Most of us who have walked with Christ for more than a few days are familiar with the experience of an inner struggle. We want to follow Christ. But we also find things in us which seem to press in the opposite direction. So I feel comforted when I read things like Romans chapter 7 and into chapter 8, and I hear Paul saying: “I find then a law, that evil is present with me, the one who wills to do good. For I delight in the law of God according to the inward man. But I see another law in my members, warring against the law of my mind, and bringing me into captivity to the law of sin which is in my members. O wretched man that I am! Who will deliver me from this body of death?” This seems to describe the familiar struggle, even for the Christian. Of course, Paul does not (ever, really) end on a note of defeat. He goes on to say: “I thank God– through Jesus Christ our Lord,” which seems to answer his question, “Who will deliver me?” However, he immediately observes, “So then, with the mind I myself serve the law of God, but with the flesh the law of sin.” Which seems to say, “But still, though final victory is assured, I know the experience of having something in me (called “flesh”) which struggles against serving God’s law.” And he follows this up with the first two verses of Romans chapter 8, which say: “There is therefore now no condemnation to those who are in Christ Jesus, who do not walk according to the flesh, but according to the Spirit. For the law of the Spirit of life in Christ Jesus has made me free from the law of sin and death.” Again–final victory is assured, but the struggle does remain.
I hear similar things in Galatians chapter 5, where Paul writes: “I say then: Walk in the Spirit, and you shall not fulfill the lust of the flesh. For the desires of the flesh are against the Spirit, and the desires of the Spirit are against the flesh, for these are opposed to each other, to keep you from doing the things you want to do.” That’s ESV. NIrV says it: “The sinful nature does not want what the Spirit delights in. And the Spirit does not want what the sinful nature delights in. The two are at war with each other. That’s what makes you do what you don’t want to do.”
Isn’t this describing the experience so many of us have, of a battle we feel inside of us? Interestingly, several of the commentaries I’ve read on these passages, by New Testament scholars, say, “No.” And they say it pretty forcefully. They say that Paul is talking about people who are not saved. He’s not talking about believers. The two books I have in mind (one on Paul’s letters and one on Romans) both make this claim, but then give no explanation for the sense of the battle within so many of us feel. If the New Testament doesn’t want me to think of a battle within, why do I feel it, and why do these passages so clearly seem to point to it? This has been kind of an open question for me, for a while. So I was very interested the other day to find this passage in John Calvin’s Institutes of the Christian Religion. It seems that John Calvin knew the struggle too. This is from a section in Book 3 titled: “The Conflict in the Heart of the Believer.” Enjoy…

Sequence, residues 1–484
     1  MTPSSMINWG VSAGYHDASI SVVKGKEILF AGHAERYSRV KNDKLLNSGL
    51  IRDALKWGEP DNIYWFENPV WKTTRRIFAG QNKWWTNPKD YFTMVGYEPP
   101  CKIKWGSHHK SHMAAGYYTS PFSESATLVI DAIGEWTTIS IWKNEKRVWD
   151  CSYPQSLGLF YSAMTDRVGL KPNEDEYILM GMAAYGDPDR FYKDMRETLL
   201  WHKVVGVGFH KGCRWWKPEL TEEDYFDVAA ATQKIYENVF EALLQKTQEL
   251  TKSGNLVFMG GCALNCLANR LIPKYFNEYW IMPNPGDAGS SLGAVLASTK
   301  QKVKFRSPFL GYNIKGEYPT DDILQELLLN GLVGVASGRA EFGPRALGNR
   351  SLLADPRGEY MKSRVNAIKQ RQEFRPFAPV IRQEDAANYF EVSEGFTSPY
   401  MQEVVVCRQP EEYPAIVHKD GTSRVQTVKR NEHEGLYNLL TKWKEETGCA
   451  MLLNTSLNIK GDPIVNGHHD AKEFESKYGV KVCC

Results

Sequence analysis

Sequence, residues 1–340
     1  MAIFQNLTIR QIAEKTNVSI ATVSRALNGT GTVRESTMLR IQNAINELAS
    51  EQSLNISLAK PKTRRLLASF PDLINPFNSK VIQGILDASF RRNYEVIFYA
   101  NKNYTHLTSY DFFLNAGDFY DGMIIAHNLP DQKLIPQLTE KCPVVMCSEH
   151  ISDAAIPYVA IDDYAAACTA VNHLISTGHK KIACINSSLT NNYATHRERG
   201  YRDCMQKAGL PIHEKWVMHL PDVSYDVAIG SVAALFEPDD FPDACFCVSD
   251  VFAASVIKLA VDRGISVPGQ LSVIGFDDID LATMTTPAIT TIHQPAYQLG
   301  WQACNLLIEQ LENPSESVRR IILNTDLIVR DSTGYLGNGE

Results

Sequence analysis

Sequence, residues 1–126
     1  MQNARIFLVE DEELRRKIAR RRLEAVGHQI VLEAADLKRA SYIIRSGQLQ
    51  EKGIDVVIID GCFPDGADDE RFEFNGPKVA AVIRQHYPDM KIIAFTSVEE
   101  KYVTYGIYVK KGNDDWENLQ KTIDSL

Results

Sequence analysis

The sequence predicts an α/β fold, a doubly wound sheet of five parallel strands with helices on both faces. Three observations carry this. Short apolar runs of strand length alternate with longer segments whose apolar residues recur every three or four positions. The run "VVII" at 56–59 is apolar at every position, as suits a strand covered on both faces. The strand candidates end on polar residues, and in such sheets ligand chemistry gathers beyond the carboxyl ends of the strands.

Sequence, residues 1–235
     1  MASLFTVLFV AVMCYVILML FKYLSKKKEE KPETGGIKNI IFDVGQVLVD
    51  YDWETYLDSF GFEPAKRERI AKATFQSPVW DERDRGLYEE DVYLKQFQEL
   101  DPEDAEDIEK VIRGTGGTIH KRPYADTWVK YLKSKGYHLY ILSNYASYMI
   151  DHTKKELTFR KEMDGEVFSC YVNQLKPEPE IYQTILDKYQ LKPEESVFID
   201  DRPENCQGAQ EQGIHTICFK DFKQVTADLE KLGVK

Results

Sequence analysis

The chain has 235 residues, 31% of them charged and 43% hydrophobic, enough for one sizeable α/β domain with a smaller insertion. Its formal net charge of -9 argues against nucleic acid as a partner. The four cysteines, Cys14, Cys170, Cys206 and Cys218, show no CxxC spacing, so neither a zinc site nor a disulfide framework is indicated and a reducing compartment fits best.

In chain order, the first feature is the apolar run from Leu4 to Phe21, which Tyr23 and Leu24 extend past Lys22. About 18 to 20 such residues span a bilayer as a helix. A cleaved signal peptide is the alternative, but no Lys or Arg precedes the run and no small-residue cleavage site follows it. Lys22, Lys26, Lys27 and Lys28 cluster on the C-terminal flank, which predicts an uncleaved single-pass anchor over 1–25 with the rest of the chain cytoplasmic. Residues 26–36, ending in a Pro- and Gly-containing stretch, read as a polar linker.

In order to understand this, it is necessary to return to that division of flesh and spirit which we have mentioned elsewhere. It most clearly reveals itself at this point. Therefore the godly heart feels in itself a division because it is partly imbued with sweetness from its recognition of the divine goodness, partly grieves in bitterness from an awareness of its calamity; partly rests upon the promise of the gospel, partly trembles at the evidence of its own iniquity; partly rejoices at the expectation of life, partly shudders at death. This variation arises from imperfection of faith, since in the course of the present life it never goes so well with us that we are wholly cured of the disease of unbelief and entirely filled and possessed by faith. Hence arise those conflicts; when unbelief, which reposes in the remains of the flesh, rises up to attack the faith that has been inwardly conceived.
But if in the believing mind certainty is mixed with doubt, do we not always come back to this, that faith does not rest in a certain and clear knowledge, but only in an obscure and confused knowledge of the divine will towards us? Not at all. For even if we are distracted by various thoughts, we are not on that account completely divorced from faith. Nor if we are troubled on all sides by the agitation of unbelief, are we for that reason cast down from our position. For the end of the conflict is always this: that faith ultimately triumphs over those difficulties which besiege and seem to imperil it.
(Calvin, Institutes, I.3.18)
I mean, at this point in my Christian journey, I agree with this. I agree that the Bible teaches final victory over unbelief for believers, in some way, shape or form, but I also am aware of a constant struggle, on my own part and the part of those around me, to press towards that victory. And it seems like that struggle won’t be fully over until we reach the resurrection, and Christ finally delivers us from these “bodies of death.”